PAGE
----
Tuesday - Jul 16, 2019

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The New #1 – Running Backs

Several running backs this season will go from the backup to main role.

  Here’s a list of 6 of those backs, along with their chances for success.

 

Michael Turner – 

Atlanta Falcons

2007 stats: 71 ATT, 316 YDS, 4.5 AVG, 1 TD, 4 REC, 16 YDS, 0 TD

 

Probably the most talked about new starter is Turner.

  As a career backup to LaDainian Tomlinson in

San Diego, he still managed to somewhat make a name for himself.

  As you can tell by his stats, playing time was few and far between, with obvious reason.

 

His biggest game last year came in Week 5 at

Denver when he ran for 174 yards on 10 carries, including a 74-yard TD run.

  The playoffs were a surprise, as he amassed 43 carries for 164 yards, a 3.8 AVG.

  He was given the ball when Tomlinson went down with a bruised left knee, and had modest results.

  Still, not too bad for a guy that was a backup the whole year.

 

Here’s a big part of his game to like – he rarely fumbles.

  I’m talking only 2 times in 228 carries.

  That’s pretty darn good.

  He also has a 5.5 career AVG, another outstanding number.

  Those numbers are what sold

Atlanta on a 6-year, $34.5 million contract.

 

The most obvious downside is that he’s no longer in

San Diego, and no longer around a great line to block for him.

  He goes to

Atlanta, an organization that is trying to clear up the mess from last year.

  Expecting him to reach his 5.5 AVG is expecting too much.

  He also only has 11 career receptions in 59 games – very low.

  If he can be a bigger threat catching the ball (something he’ll need to do considering the Falcons have lousy receivers), then his value will be high.

 

DeAngelo Williams –

Carolina Panthers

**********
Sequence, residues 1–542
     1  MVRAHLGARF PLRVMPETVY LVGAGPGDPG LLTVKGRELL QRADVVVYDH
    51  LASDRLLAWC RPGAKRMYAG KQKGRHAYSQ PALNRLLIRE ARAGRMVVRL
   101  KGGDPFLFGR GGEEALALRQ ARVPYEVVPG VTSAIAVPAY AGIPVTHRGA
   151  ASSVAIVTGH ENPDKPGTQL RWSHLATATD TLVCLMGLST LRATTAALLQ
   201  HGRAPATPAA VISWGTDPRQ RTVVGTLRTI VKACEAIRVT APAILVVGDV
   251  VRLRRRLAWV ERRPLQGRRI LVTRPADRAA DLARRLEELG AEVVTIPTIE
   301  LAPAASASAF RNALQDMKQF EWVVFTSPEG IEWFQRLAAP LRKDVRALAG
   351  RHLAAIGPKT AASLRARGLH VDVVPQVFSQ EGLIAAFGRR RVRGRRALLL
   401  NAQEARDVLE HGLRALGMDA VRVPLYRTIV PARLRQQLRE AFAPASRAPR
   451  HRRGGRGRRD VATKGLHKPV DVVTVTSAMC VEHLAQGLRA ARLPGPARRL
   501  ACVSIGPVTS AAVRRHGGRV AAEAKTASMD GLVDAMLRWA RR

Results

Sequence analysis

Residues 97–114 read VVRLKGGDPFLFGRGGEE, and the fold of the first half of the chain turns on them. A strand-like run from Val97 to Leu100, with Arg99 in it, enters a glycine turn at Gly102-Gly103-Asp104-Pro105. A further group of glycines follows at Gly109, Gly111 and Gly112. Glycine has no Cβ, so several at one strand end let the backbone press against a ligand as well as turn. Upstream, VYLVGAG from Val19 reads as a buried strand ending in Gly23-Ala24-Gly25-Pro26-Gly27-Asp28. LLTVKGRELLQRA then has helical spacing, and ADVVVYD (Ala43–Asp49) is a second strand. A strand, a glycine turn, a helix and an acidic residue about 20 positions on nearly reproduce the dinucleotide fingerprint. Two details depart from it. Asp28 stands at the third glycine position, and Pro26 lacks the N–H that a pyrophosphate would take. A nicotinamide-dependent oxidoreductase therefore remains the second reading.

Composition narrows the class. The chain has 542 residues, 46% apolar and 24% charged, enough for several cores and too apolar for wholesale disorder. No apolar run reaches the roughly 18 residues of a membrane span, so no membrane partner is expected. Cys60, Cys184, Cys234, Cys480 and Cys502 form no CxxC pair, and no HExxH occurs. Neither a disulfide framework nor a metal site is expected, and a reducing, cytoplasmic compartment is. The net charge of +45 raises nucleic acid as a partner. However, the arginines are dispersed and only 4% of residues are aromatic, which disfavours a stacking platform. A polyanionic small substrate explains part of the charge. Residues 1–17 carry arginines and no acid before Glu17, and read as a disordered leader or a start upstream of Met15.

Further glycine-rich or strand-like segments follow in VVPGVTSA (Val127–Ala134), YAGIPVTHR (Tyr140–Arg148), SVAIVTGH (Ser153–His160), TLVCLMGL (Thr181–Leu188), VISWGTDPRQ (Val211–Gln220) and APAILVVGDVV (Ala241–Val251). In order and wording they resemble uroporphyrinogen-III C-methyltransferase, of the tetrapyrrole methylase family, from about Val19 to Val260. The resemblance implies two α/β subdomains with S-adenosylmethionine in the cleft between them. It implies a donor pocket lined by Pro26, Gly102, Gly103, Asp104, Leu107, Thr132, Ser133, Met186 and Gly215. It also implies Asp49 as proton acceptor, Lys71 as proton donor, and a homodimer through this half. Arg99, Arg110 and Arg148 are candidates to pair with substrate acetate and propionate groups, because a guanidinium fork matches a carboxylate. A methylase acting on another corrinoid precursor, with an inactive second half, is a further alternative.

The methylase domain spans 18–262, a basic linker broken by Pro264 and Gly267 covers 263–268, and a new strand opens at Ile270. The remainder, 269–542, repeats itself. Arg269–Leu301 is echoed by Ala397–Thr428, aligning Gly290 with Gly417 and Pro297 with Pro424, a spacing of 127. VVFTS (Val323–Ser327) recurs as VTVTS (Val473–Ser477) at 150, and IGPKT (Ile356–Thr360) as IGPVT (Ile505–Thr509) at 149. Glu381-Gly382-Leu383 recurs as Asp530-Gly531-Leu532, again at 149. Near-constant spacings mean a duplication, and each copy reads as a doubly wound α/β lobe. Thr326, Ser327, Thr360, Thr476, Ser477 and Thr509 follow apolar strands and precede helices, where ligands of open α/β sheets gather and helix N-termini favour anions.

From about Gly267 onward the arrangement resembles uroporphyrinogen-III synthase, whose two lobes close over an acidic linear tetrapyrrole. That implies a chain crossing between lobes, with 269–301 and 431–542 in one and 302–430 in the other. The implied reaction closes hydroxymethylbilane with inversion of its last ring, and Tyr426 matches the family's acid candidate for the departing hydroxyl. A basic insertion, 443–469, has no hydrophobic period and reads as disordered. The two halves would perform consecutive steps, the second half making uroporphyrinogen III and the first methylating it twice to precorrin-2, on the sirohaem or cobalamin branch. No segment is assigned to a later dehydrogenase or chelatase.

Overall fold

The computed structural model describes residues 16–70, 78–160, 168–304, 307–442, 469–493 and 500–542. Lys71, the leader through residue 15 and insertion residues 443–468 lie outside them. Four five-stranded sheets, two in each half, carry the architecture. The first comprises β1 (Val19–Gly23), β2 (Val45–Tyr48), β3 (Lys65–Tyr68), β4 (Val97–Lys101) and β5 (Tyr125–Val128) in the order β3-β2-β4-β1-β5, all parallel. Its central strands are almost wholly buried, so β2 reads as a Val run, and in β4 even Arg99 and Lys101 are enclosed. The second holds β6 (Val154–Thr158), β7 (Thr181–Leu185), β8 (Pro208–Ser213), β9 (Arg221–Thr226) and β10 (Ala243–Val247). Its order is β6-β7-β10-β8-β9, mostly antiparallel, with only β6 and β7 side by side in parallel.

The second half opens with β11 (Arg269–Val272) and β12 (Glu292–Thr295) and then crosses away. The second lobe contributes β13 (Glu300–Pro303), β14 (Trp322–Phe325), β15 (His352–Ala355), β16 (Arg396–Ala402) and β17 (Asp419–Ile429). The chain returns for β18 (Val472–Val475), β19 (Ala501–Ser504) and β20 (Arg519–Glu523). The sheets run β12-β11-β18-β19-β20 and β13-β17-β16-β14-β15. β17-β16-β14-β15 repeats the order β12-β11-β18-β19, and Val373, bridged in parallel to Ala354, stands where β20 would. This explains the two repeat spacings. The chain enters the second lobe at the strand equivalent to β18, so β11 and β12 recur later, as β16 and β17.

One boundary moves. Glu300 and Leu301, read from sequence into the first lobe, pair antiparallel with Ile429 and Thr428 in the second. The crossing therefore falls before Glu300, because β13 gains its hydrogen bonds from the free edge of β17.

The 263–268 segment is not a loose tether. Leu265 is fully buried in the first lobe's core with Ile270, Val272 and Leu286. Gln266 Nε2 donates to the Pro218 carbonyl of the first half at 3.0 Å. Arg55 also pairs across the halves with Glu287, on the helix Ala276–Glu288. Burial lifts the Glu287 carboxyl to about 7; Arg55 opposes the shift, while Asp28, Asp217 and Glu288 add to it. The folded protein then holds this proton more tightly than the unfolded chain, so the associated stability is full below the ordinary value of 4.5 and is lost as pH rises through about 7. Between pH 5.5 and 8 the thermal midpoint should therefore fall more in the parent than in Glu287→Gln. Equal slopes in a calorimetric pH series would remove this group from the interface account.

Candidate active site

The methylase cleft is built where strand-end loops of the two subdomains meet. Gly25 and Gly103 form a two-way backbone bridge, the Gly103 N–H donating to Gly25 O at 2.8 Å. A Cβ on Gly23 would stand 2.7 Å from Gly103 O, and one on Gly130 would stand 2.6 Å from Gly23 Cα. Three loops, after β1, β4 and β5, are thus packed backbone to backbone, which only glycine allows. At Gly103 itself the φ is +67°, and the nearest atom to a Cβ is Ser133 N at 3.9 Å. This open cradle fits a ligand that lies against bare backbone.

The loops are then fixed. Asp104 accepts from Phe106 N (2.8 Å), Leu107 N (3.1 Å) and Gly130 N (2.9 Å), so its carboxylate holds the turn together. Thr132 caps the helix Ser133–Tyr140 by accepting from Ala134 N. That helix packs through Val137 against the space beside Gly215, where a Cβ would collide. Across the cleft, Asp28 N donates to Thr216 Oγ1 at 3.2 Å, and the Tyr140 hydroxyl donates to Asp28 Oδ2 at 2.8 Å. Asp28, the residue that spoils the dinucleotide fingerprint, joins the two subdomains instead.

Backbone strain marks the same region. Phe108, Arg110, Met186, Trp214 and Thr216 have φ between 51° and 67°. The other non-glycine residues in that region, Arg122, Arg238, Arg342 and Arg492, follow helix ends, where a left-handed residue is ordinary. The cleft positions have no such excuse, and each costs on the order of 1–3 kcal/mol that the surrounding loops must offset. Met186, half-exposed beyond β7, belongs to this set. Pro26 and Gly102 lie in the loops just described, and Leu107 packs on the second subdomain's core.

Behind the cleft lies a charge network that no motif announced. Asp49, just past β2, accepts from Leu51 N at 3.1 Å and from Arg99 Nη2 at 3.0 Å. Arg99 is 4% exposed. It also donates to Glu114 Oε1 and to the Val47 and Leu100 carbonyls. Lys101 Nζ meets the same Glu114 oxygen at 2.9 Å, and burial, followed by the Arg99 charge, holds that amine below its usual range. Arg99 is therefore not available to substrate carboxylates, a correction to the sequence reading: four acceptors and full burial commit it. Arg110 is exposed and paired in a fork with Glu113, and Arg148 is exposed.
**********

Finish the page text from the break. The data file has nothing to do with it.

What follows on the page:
2007 stats: 144 ATT, 717 YDS, 5.0 AVG, 4 TD, 23 REC, 175 YDS, 1 TD

 

DeShaun Foster is no longer in town, but that does not mean Williams is the clear-cut favorite for all the carries.

  Rather, the drafting of Jonathan Stewart from

Oregon could signal more split carries for Williams.

  For now, Williams is the starter.

  As the season wears on, who knows.

 

Last year’s numbers were better than his rookie year, as all of his major rushing stats shot up.

  His 5.0 AVG was very sweet.

  But, it’s hard to look at his numbers and be completely satisfied with his young career thus far.

  I think people were expected more in his second year than 727 yards and 5 total touchdowns.

  Perhaps he was overvalued coming out of college.

 

Williams will be out to prove this year that he’s up for the hype.

  Look at it this way – there’s no way Stewart will command 247 ATT like Foster did.

  Plus, Jake Delhomme is back from injury this year, so that will hopefully open up the field for more room to run.

 

I like Williams’ chances this season to put it all together.

  The only area of concern is around the goal line.

  Stewart is the better choice for carries based on size alone.

  Still, if Williams can get some area to run, he’ll put on a show.

 

Matt Forte –

Chicago Bears

Rookie (Tulane)

 

Picking a #1 running back for

Chicago is no easy task.

  Their team averaged a pathetic 83.1 yards a game last season, nearly dead last in the NFL.

  Cedric Benson, last year’s top back, only gained 674 yards, and pretty much drank his way out of town.

  Watching the Bears’ offense was much like watching Andruw Jones try to hit – ugly.

 

Forte finds himself in pretty much a no lose situation.

  Think about it – nobody knows about him, nobody cares about him, and certainly nobody expects the Bears to be relevant on offense.

  If he fails, he’s supposed to.

  If he succeeds, he’s the talk of the league.

 

Judging by his stats last year as a senior at Tulane, he can have big games.

  After a ho-hum first couple of games, he exploded for 100+ in 9 or his last 10 games.

  In there, he had 303 yards vs. Southeastern Louisiana, 342 at Southern Methodist, and 278 vs.

Memphis.

  Granted, those are not exactly juggernaut teams, but those are still impressive numbers.